Neil McDonough

The changing face of Bangkok

How property developers are playing their part

Like all cities around the world, and particularly all major large cities, Bangkok is totally dynamic and constantly in a state of construction and demolition. Like a giant Sim-City metropolis, Bangkok is constantly reinventing itself to keep up with the demands of progress, both in Thailand and internationally.

As someone who comes from an old-world country, the United Kingdom, I'm still impressed and astounded by the pace of development that occurs in a city like Bangkok. Yes we live here all the time and so sometimes we even get frustrated that the city is not being developed fast enough to keep up with the rate of social and economic change that the modern world demands, and I would agree with you to a point, especially in regards to public sector development, but more about that later on. However in the private sector the changes are close to breathtaking.

As mentioned, I come from the UK, where it is normal for our cities and towns to have regularly used buildings that are hundreds of years old. In fact such buildings often have a preservation order on them so that not only can they not be pulled-down, but also their exteriors or interiors cannot be altered. In fact I remember visiting Chester, a quite historic city and an old economic hub of the Roman Empire, having dozens and dozens of buildings 1000 years old or older. The cathedral, the Roman walls, and even an early shopping mall called the Rows which dates back to the 1300's over 700 years ago! These buildings have been rescued from dereliction and are in regular us today and even house thriving businesses.

Of course this makes for an attractive and very interesting city, but of course the downside is that it reduces and even halts progress, which is not really a problem Bangkok faces.

Like many SE Asian cities, apart from religious monuments such as temples and a few other buildings, there is a virtual free-for-all on development, and very little in the way of protection and preservation. Does this detract from the city in the form of character and beauty? That of course is a matter open to debate.

So with very little rules and regulations on building codes, a Bangkok developer can almost do what they want and therefore build what they want assuming they have the money to do so. The result is that we see some very interesting styles, dramatic buildings and of course huge buildings. Bangkok for example boasts not only the largest shopping mall in SE Asia in Central World in Chit Lom, but also the second largest at the next door station in The Paragon at Siam.

And this is even more so with regards to condos and apartments in Bangkok. With the opening of the new BTS stations from On Nut to Bearing in August 2011 has come an almost never ending stream of new condos and apartments build next to the 5 new BTS stations opened. Condos such as S & S Condo
which consists of 2 huge towers with over 800 condominium units housed inside. But of course this building is far from rare and buildings of this size are becoming regular and can even contain added features such as shopping malls, supermarkets and even bowling alleys.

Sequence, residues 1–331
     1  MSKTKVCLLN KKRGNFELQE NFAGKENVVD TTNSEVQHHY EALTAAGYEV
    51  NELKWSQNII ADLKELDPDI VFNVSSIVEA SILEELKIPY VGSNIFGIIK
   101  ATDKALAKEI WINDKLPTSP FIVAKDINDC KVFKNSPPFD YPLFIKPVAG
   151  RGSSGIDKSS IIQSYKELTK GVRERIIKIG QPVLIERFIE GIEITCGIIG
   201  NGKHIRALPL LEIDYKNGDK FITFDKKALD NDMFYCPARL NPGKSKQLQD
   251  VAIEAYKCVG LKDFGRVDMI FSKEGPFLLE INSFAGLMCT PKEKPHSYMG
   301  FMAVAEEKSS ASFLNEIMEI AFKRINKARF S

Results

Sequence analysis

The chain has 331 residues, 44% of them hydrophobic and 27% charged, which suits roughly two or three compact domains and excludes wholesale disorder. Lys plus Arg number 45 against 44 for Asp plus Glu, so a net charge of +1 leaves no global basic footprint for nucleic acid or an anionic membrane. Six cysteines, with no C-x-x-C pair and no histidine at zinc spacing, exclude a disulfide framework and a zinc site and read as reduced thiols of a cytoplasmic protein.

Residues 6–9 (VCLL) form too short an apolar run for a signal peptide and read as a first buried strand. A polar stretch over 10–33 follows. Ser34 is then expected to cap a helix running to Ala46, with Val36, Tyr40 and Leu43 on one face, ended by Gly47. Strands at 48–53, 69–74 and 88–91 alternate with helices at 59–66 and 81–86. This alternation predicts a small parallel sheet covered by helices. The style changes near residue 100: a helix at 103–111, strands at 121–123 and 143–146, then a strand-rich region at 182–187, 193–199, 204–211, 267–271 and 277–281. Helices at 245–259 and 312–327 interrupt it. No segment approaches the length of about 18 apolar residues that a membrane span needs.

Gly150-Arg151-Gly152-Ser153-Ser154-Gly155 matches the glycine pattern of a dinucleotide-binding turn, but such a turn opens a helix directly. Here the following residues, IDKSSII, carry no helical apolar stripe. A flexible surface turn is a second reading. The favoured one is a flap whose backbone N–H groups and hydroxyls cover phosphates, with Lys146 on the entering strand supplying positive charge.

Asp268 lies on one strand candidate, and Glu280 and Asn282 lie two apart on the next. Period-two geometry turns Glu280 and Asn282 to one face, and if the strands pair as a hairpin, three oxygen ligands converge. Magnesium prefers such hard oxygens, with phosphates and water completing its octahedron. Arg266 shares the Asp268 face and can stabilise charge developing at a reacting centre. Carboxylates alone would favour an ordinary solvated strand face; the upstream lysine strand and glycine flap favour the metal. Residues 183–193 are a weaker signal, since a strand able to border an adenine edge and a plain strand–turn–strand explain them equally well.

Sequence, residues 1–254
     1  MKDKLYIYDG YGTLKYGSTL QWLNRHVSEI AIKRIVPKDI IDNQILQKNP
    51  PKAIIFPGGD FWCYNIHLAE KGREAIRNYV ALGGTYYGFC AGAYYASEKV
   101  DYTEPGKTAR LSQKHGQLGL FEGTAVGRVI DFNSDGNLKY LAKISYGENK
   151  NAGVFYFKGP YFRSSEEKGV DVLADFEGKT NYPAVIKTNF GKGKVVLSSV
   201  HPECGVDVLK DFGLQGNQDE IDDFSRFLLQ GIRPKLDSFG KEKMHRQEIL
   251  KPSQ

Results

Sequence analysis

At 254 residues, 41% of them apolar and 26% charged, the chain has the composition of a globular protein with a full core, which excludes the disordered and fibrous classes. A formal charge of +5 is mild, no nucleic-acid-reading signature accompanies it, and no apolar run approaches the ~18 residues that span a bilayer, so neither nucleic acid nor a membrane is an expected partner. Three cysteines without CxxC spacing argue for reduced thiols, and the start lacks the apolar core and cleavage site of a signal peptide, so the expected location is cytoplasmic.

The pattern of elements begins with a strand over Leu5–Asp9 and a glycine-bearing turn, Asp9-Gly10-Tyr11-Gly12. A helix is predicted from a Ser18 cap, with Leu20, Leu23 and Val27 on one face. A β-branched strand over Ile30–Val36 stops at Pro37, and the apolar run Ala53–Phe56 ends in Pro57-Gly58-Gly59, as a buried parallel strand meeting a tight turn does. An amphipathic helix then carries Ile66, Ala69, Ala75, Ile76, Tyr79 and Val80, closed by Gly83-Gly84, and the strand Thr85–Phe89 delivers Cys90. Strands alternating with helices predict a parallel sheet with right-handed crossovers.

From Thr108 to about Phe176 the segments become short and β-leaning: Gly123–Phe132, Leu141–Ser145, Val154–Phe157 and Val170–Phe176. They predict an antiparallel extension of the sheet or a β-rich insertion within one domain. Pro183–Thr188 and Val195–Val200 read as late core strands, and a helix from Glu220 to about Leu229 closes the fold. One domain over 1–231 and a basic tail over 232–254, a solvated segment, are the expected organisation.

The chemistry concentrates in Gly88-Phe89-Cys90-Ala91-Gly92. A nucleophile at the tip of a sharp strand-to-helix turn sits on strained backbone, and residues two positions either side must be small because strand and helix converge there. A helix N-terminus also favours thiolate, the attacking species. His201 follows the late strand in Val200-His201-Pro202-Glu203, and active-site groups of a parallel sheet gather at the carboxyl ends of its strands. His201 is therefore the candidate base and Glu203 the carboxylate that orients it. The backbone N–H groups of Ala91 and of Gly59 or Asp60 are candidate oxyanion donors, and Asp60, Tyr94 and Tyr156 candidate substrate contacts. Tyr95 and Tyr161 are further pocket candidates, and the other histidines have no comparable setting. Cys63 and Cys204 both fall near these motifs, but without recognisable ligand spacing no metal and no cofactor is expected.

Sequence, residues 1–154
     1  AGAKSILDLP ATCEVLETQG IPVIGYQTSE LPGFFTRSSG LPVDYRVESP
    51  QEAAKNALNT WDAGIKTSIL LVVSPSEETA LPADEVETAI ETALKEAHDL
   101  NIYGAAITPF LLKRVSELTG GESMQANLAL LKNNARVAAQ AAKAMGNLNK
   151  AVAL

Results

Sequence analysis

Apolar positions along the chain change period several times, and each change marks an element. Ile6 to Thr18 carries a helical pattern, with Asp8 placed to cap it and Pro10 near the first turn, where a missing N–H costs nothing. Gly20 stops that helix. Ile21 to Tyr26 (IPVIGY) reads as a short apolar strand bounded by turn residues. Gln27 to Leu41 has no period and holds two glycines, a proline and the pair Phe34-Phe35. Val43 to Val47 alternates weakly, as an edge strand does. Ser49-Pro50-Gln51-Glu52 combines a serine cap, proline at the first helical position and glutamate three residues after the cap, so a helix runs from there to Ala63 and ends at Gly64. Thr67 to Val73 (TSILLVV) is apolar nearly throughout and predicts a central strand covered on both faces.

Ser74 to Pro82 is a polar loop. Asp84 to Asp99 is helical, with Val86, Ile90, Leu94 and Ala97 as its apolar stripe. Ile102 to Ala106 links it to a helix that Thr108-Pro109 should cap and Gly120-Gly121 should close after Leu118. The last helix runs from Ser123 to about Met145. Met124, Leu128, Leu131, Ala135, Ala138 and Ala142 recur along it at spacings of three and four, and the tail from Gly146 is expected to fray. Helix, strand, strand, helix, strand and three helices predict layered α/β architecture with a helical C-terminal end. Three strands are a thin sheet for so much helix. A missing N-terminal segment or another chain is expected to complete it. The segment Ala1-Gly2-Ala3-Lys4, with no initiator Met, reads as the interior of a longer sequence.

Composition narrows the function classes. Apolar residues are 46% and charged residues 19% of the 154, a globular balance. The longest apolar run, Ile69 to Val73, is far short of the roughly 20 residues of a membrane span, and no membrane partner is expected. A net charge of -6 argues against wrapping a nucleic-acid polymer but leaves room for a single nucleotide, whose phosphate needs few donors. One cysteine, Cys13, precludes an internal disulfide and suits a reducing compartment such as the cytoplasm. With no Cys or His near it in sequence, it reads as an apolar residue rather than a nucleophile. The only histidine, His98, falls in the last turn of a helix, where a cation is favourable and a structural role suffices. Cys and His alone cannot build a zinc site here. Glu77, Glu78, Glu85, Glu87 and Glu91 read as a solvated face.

The design of these residential buildings has also changed and with it the aesthetics. Going back 40-50 years ago much of Bangkok was made up of wooden buildings and the initial use of concrete to replace the wooden structures was often unsuitable to the climate. Heavy thick concrete walls with small windows may have been suitable designs for Europe or North America, where a lot of the early architects and architectural influences came from. Such designs are perfect for keeping out cold wet weather and keeping in warm expensive air. But Bangkok has none of those problems, in fact quite the opposite.

Therefore in recent years, especially since the late 1990's there has been an increasing movement to design and build structures with lots of glass, and as little amount of thick concrete as possible. You may notice then that condos such as the Athenee Residence has floor to ceiling glass windows in many of the rooms, typical of the style many architects are aiming for.

Of course not all Bangkok residents think that the progress is fast enough and when it comes to public transport it is clear that Bangkok run by the BMA is not yet at the stage it could be or should be. London for example has 8 million inhabitants, but a metro system with approx 270 stations on it. Bangkok has a population of between 12-15m (depending on which statistics you read), but only approx 50 stations on the metro system.

However the London Underground is 150 years old, it has had time to develop and expand, Bangkok first opened up the BTS back in 1999, so the 50 stations on the metro system have all been opened in under 15 years, less than 10% of the time. And just looking at the last 8 years since we opened EasyHomes, the metro system has expanded quite considerably since we first launched this search map of the BTS/MRT we have added the airport link and 11 more stations. I can only imagine what this map will look like in 8 years time with the Purple, Red, Pink and Yellow lines under construction.

Neil McDonough is a Director of EasyHomes Property Services Co., Ltd. which specializes in renting and selling Bangkok residential and commercial property to expats. You can contact him directly with any questions or queries relating to Thai real estate


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